Almanac Rugby League – Celebrating Darren Lockyer

Darren Lockyer still has a few games of football left in him, but when he stood on the stage after Queensland’s victory last Wednesday night, the whole of the maroon world paused to listen and to reflect for a moment with him.

With humility in his face, he turned to the crowd, and in a voice that sounds like a mango box being dragged along the Warrego Highway said, “It’s been a privilege to represent all of you [Queenslanders].”

Darren Lockyer has been a star for 17 years.

Steve ‘Pearl’ Renouf , the champion centre from Murgon in Queensland’s peanut country, who moved with as much grace as any footballer you will see,  tells the story of Locky’s first NRL game.

In those days, Kevin Walters was the regular five-eighth. Kevvy was a clever footballer. He had to be. A little stumpy, Kevvy ran like a man carrying too many shopping bags. But he read the game well, and he’d built a terrific relationship with Alfie Langer, his outside backs, and his running back-rowers.

Kevvy was injured and had to miss the trip to Sydney for the match against Parramatta, and so the chance was given to a youngster called Darren Lockyer. I reckon he started on the bench, but came on to play five eighth. He was devastatingly brilliant: reading the play, breaking the line, running freely, setting up tries. The Broncos won 60-14.

Kevvy was watching at home in Brisbane.

“Out on the ground, we were laughing,” Pearl once told me. “Locky was a shy young kid, very respectful. And we knew he had the skills. But this was something else. We were just shaking our heads.”

“We couldn’t wait to get back into the sheds,” Steve continued. “And as soon as we did we rang Kevvy. And we all took the phone and said the same thing, ‘You’re gone, Kevvy. You’re gone. This kid’s got more ability in his little finger than you’ve got.’”

The rest is history. Of course Lockyer went to full-back for the Broncos, and Walters continued at five eighth, until he was superannuated to the north of England. Then Lockyer came in to five eighth and copped a fair bit for what was perceived as suspect defence. I think that has been straightened out by the record.

Andrew Johns once told me that Kevvy and Steve Renouf had a huge influence on how the game developed. Kevvy through the ‘outball’: the flat pass to the outside of the second defender. It had to be thrown perfectly, but the runner, Pearl, had to run the line which put himself into the gap. Johns watched it, practised it, and mastered it. He became famous for it. He happily acknowledges its genesis.

The thing about Lockyer is that he quickly picked up on it, only he could play both roles: he could throw the pass with the immaculate timing and precision it required, or he could be the receiver, exploding on to the ball  running lines and angles which mesmerised opponents.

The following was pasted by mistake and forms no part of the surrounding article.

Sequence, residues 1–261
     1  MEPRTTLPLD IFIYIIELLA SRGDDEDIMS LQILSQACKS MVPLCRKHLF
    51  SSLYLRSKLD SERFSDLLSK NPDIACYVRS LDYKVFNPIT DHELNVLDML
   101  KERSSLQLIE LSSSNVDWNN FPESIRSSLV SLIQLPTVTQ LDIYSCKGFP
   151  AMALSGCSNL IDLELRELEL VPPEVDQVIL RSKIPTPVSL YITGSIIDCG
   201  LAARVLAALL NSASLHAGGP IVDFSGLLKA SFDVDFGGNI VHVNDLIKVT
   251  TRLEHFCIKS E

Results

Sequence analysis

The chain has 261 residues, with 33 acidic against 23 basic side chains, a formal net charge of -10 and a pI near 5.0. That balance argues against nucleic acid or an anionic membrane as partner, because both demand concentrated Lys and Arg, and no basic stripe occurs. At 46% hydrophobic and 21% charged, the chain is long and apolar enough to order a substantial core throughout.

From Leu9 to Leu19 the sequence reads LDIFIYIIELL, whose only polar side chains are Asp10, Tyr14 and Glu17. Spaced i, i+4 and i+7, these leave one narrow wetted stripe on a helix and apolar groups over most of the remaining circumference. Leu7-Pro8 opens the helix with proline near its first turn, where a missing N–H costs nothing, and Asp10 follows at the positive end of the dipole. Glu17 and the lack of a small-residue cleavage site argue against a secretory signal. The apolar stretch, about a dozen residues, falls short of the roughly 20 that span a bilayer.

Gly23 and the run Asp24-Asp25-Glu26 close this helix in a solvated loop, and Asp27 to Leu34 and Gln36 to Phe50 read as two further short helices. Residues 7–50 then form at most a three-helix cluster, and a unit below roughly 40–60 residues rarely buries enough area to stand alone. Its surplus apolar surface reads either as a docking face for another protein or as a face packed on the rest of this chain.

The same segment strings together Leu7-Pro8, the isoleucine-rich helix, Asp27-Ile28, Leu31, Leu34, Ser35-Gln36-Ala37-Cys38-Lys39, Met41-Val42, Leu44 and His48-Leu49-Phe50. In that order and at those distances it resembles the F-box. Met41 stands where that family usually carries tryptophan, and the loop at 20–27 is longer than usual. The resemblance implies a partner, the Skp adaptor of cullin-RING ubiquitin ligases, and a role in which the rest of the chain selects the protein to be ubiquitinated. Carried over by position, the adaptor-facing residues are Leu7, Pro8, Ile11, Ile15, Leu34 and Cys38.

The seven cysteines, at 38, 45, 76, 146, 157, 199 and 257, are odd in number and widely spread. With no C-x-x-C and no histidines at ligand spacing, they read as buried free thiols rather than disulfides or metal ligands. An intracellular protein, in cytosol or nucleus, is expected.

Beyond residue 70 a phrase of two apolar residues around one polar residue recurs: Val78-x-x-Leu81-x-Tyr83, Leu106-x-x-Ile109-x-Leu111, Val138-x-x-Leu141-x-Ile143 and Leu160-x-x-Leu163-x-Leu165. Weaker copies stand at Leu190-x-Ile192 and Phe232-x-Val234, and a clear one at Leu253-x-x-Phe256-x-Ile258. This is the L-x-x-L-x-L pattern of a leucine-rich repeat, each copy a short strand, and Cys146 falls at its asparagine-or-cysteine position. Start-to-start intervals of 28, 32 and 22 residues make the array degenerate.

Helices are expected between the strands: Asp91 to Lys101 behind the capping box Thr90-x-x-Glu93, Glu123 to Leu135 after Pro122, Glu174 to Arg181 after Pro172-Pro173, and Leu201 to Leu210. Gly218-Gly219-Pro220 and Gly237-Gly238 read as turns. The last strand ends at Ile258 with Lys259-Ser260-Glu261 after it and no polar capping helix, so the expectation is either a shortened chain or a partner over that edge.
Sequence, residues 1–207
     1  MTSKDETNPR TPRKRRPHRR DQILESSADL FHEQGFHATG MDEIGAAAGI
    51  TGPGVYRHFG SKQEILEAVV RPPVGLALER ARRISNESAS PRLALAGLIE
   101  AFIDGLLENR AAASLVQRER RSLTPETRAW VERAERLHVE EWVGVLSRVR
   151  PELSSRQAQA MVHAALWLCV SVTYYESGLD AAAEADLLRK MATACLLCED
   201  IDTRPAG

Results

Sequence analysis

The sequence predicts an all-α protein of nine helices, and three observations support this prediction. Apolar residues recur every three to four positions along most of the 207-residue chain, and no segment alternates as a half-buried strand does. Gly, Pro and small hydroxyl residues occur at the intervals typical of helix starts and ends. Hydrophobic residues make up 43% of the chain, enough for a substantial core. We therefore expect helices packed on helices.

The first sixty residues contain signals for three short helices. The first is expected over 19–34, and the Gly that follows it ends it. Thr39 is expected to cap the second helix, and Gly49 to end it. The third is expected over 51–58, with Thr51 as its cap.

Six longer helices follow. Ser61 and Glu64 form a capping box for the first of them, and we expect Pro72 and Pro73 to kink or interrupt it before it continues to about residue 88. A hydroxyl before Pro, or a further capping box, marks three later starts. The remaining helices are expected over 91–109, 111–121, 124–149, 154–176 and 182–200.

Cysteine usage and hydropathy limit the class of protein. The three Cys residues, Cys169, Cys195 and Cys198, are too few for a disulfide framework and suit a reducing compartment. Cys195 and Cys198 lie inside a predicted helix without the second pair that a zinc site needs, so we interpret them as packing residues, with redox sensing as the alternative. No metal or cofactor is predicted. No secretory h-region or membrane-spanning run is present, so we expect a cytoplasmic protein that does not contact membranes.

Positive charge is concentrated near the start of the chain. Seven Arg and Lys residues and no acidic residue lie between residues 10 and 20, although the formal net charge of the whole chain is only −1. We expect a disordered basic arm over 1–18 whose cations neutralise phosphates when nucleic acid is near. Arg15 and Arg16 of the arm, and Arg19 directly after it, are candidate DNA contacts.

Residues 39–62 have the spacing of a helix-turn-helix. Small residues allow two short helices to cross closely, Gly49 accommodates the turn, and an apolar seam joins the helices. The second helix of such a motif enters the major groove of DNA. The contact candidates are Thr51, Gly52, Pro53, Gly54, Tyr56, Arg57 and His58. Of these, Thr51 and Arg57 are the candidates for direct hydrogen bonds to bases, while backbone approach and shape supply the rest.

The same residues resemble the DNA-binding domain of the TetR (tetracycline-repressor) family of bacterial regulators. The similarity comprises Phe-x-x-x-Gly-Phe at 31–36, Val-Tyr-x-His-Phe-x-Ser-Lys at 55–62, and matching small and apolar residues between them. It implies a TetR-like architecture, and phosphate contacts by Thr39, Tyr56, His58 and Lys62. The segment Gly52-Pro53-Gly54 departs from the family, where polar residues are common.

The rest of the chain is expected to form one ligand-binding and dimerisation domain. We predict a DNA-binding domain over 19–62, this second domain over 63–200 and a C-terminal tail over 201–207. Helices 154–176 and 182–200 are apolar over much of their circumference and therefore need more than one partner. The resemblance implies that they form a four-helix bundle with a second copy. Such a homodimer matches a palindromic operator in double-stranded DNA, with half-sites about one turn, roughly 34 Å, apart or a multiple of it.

To that you can add a fine kicking game, and kick-return game. For a long-time the Broncos loved broken play because it gave their talented players so much room. They were as good from 80 metres out as they were from 15.

And you can also add leadership. The shy young man from Wandoan and Roma became a true skipper.

In the week following Queensland’s win in the last-ever State of Origin at Lang Park (2001?) I interviewed him about the unlikely victory.

“When we were running out I saw [Queensland prop] John Buttigieg and I thought, look at the guts on that. We might be in a bit of strife here,” he said.

Locky took control, led them around the park, and fashioned one of many triumphs.

Darren Lockyer: champion.


John Harms wrote The Pearl: Steve Renouf’s Story available through Uni of Qld Press, or the author ([email protected])



About John Harms

JTH is a writer, publisher, speaker, historian. He is publisher and contributing editor of The Footy Almanac and He has written columns and features for numerous publications. His books include Confessions of a Thirteenth Man, Memoirs of a Mug Punter, Loose Men Everywhere, Play On, The Pearl: Steve Renouf's Story and Life As I Know It (with Michelle Payne). He appears (appeared?) on ABCTV's Offsiders. He can be contacted [email protected] He is married to The Handicapper and has three school-age kids - Theo, Anna, Evie. He might not be the worst putter in the world but he's in the worst four. His ambition was to lunch for Australia but it clashed with his other ambition - to shoot his age.


  1. Adam Muyt says